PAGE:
Do we need IWD? – By Natasha Stone

So what is IWD? This year, the theme is #EachForEqual. With the website describing the aim of the day is:-

An equal world is an enabled world.

Individually, we’re all responsible for our own thoughts and actions – all day, every day.

We can actively choose to challenge stereotypes, fight bias, broaden perceptions, improve situations and celebrate women’s achievements.

Collectively, each one of us can help create a gender equal world.

Let’s all be #EachforEqual.

It’s about celebration, it’s about inclusion, and a call for us all to create an equal world. 100% of the world celebrating and supporting the 50% part of our world, wonderful!

So why, is there such a movement at the moment for standing against celebration? Why is there always a backlash of ‘what about ism?’ For example, imagine we’re having a celebration about apples being an amazing fruit – and then there’s a comment about ‘Why are you celebrating apples? What’s wrong with pears? That means you hate cherries… UGH YOU ALWAYS CAMPAIGN HATRED AGAINST CHERRIES.’ It sounds ridiculous, but the fact is, this is exactly the dialogue you see on social media every time there is some sort of empowerment or celebration.

Every IWD, it does give cause for amusement, but there’s a darker side to it too, Richard Herring always tweets as below on IWD, he has done for many years, and yet still, every year he has to continue the fight:-

And of course, aside from the humour of it, you can see in his replies, exactly the behaviour as described above. If this behaviour is targeted at 50% of the world’s population who are trying to celebrate achievements and be proud and happy of what they are – and yet met with this barrage of negativity. It’s exhausting in every way. Imagine just how harmful this attitude is when applied to other minority group celebrations. Black History Month, Pride, International Disabilities day. In a search of social media, which frankly becomes more and more alarming, comments on all of these celebrations are selfish and defamatory – and it just has to stop.

Even those who call out the behaviour get a torrent of abuse – the trolls continue, and there are cries of ‘just ignore the comments’ and ‘don’t add fuel to the fire’. But the problem here is that if these people who hide behind fake names and fake causes aren’t called out and reported, they continue to grow unchecked. There are no repercussions and there is no retribution for the harm that they do to others. And in some cases, there is no help or education given to those who quite clearly lack understanding or empathy to the true meaning behind the stances that they so vehemently oppose. Without education, how can we ever expect someone to change their views, and finally come to a position of acceptance.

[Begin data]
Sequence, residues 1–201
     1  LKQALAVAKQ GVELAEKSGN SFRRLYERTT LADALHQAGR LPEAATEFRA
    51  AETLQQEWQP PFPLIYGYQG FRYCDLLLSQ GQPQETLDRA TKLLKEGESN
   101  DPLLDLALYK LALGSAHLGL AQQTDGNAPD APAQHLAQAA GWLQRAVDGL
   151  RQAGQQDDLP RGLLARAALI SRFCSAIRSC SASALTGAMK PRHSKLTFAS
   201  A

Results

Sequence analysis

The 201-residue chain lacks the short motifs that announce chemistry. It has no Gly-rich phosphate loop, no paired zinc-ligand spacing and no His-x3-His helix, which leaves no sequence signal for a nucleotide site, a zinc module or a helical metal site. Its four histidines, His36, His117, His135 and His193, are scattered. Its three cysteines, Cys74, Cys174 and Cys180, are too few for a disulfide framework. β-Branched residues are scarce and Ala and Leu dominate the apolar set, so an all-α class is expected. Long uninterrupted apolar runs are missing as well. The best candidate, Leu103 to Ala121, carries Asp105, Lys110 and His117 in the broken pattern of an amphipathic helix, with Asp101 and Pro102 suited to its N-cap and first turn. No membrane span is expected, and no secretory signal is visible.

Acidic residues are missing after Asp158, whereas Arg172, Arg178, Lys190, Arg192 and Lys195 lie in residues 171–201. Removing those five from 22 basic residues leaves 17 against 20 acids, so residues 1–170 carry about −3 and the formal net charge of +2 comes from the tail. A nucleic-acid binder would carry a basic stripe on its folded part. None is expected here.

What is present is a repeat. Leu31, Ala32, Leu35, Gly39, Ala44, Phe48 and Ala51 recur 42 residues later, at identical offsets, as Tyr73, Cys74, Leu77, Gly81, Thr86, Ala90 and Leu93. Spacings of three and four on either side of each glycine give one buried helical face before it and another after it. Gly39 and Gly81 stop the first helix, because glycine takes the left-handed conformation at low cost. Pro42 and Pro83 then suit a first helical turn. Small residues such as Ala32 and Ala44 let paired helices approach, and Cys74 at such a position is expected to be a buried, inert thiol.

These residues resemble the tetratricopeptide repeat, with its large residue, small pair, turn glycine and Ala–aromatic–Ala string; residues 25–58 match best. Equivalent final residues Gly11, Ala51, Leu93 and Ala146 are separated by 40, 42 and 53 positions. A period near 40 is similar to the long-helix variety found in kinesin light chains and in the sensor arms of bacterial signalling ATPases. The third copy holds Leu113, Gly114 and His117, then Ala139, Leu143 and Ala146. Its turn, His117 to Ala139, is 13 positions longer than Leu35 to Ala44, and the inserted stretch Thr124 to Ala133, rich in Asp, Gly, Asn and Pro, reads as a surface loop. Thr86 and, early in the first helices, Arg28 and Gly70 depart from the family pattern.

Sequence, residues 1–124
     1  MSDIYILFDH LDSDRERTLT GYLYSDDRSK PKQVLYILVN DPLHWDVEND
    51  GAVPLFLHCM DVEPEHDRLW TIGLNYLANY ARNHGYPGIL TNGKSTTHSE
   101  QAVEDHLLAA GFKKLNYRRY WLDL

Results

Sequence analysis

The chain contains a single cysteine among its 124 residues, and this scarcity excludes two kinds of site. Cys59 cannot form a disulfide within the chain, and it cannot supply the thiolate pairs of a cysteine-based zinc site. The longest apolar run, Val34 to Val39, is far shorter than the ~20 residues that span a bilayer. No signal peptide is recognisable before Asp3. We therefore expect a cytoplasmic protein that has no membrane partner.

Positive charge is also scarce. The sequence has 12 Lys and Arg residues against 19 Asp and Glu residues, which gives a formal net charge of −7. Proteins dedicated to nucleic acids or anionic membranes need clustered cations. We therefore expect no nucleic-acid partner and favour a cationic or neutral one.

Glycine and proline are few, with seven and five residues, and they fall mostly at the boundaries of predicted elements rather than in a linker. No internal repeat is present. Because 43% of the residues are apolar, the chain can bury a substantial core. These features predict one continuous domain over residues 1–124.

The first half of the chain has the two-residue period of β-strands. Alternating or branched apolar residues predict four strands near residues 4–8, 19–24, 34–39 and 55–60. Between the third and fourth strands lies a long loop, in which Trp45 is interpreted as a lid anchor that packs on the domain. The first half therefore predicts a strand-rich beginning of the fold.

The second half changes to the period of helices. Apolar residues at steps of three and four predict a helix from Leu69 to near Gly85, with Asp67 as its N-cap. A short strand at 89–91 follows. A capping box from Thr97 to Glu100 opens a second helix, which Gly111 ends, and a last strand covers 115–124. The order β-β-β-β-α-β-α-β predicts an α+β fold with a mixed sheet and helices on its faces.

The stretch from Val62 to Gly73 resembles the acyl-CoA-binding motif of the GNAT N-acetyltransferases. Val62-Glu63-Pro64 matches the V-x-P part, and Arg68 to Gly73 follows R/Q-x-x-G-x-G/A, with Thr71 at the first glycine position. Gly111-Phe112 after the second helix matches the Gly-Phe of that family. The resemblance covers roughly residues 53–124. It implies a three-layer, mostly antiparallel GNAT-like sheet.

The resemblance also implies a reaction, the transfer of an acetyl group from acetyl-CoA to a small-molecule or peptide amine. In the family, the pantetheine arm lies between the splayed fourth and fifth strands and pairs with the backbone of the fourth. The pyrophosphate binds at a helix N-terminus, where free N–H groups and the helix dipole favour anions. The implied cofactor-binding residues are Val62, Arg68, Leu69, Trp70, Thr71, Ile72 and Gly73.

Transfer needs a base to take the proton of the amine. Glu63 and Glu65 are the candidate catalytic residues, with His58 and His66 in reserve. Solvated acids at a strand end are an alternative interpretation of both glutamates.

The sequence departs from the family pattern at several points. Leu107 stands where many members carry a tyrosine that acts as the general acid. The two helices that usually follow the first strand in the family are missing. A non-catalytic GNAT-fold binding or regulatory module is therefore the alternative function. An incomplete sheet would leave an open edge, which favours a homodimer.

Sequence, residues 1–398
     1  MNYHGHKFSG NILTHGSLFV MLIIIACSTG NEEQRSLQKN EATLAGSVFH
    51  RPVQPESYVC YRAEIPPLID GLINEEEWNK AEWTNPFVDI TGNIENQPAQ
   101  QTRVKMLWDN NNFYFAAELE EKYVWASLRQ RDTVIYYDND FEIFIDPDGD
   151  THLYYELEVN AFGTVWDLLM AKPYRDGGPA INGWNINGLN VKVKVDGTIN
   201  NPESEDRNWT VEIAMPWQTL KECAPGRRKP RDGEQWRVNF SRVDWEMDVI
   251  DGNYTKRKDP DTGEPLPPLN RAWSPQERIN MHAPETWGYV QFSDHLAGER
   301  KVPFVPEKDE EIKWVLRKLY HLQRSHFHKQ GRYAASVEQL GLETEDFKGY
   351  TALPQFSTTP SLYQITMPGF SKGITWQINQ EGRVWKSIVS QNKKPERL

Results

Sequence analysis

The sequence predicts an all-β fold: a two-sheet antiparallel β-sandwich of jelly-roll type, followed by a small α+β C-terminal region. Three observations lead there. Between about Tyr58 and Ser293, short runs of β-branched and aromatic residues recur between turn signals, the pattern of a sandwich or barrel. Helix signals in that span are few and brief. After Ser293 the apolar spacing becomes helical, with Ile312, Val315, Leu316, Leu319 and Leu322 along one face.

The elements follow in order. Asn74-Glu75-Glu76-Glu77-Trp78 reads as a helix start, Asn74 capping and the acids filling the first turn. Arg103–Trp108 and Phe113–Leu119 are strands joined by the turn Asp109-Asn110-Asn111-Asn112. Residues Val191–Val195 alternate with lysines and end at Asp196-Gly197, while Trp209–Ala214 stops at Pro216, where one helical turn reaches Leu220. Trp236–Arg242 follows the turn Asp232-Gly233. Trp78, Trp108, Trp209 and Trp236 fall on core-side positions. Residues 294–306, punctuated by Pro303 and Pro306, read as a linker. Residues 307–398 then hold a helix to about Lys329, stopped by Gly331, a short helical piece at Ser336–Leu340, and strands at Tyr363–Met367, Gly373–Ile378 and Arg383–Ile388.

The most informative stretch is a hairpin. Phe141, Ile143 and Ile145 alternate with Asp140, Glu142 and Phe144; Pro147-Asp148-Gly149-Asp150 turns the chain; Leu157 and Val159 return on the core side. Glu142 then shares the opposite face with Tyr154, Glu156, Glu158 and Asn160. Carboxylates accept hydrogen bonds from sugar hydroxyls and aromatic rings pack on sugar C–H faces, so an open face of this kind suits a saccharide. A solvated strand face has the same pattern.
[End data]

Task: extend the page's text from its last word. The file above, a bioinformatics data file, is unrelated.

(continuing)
We are all responsible for this. We are all role models to someone, whether we see that for ourselves, or not. You never know who is watching and looking to emulate what we say. We all find comfort in being part of a group, and looking up to our own role models, and look for leadership from those we respect. So we need to show strength and lead the way to acceptance. Be the change you want to see.

Have the strength to stand up for what you believe in, despite the odds and however powerful the adversary is who stands before you. That is my hope for the future. That there is acceptance and joy for these wonderful and diverse celebrations. That such days are no longer seen as threatening to certain sections of our society who assume their entitlement is more important than another’s.

So back to the original question, do we need IWD? Absolutely we do – as well as needing every other day of celebration throughout the year. We need to celebrate without shame and fear, and call out the insecure cries of ‘What about me? Pay attention to me!’ of the entitled few. If we stand up and celebrate the diversity of our many professions, and the differences that make us successful and fulfilled people, eventually the clamour of ‘what about me?’ will disappear into a low hum. Or even better, those whose insecurities caused them to crave attention to the detriment of others, might not feel the need to do that anymore.

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